There is a taxiway across the railway here. Occasionally BAC will phone you up to ask for permission to cross. As an aircraft is being towed, this normally takes about 20 minutes, but can be considerably longer. To protect such movements you must release the ground frame control by clicking on the red circle. When BAC report the crossing clear again, you can right-click on the GF to allow trains to continue.
This signal, at Bathampton Jn, is approach controlled from red if the next signal, B79 is on. This is due to insufficient braking distance between the two signals.
This is worked by a token system. You must grant the token release before a train can proceed onto the single line. In order for the simulation to distinguish the direction for a token request, the route must be set towards Portbury before a down train driver will request a token. The signal will not clear until the token has been removed. Trains from Portbury will telephone for permission to proceed onto the single line and the token machine. Signal B335 will not clear until a train approaches, the token is given back, the crossing is clear, and signal B337 is off.
There are several on Bristol. The majority of the crossings are TEL crossings, however Puxton and Huish are manned by Crossing Keepers . In reality, the three crossings in the Avonmouth area are CCTV and controlled by St. Andrews signalbox, however in this simulation they are treated as Crossing-Keeper supervised. See the section on Level Crossings for details of how to operate all of these.
|Avonmouth Dock Junction||CK||Avonmouth|
|BAC Aerodrome||(Filton- see separate section above)|
|Gas House Lane||TEL||Weston|
|St. Andrews Junction||CK||Avonmouth|
*- Modern Era only
CK- Supervised by Crossing Keeper
These are backlit signs mounted just above train height part way along each of the through platforms. They consist of a white backlight and a black cross. Trains must not pass these signs without authority from the signaller. When routing into the station you can route from the west or east gantries all the way to the far end of the platform, or you may route only as far as the blue crosses. If a train wishes to pass a cross without originally being given authority to do so, set a route from the cross to the end platform signal. This replicates the verbal authority given by signallers in real life.
|P15||263||PP-detach DMU only|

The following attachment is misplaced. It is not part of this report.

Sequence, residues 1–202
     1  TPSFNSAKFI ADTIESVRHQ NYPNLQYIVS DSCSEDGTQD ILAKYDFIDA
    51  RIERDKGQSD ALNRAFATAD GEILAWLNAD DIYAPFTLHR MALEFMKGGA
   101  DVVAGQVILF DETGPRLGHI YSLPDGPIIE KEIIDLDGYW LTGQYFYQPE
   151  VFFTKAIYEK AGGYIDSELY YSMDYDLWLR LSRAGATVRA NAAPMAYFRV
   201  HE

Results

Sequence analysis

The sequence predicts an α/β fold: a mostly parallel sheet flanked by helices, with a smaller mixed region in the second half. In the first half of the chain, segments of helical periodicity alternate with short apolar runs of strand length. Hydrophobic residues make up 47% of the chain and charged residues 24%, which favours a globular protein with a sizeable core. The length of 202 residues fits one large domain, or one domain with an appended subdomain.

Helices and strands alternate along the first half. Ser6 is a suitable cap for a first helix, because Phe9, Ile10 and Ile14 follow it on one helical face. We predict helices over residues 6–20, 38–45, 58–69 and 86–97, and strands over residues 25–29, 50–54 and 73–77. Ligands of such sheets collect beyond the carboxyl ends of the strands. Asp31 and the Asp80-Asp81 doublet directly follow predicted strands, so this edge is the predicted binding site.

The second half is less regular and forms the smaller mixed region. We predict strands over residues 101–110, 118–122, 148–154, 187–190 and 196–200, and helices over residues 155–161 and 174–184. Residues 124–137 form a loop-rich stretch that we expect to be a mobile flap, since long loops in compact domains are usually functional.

These platform lengths are shown in the below chart.
Red indicates the length of platforms with even numbers and Green the length of platforms with odd numbers. Platform lengths are given in metres, with the gridlines at 46m intervals. This is estimated to be close to two typical DMU car-lengths (classes 15X, 220/221).
Platform lengths are consistent with those in the 2014 Timetable Planning Rules document.
|Highbridge & Burnham||P1||198|
|Nailsea & Blackwell||Dn||122|
These are Adobe Acrobat PDF files. If you don't have Adobe Acrobat Reader installed on your computer you can get a free download of the latest version from the Adobe website . Use the built-in Find function (Ctrl+F) to locate signal numbers.
TIPLOC Codes (PDF)Bristol 1980s locations quick reference guide
This is a text file listing names of locations grouped by main areas to assist those beginning the sim to locate a train or destination quickly from its Curr/Prev Location entry on the Train List (F2). Open this with Notepad or other plain text editor and feel free to add extra details such as numbers of important signals.
|DB||Automatic signals on the Down Badminton|
|DC||Automatic signals on the Down Charfield|
|DM||Automatic signals on the Down Main|
|DT||Automatic signals on the Down Trowbridge|
|SA||St. Andrews Junction|
|UB||Automatic signals on the Up Badminton|
|UC||Automatic signals on the Up Charfield|
|UM||Automatic signals on the Up Main|
|UT||Automatic signals on the Up Trowbridge|
*Fringe box, signals not controlled in this simulation.
Non-prefixed signals controlled by Bristol (B).
Last edited by Steamer on 27/06/2020 at 11:38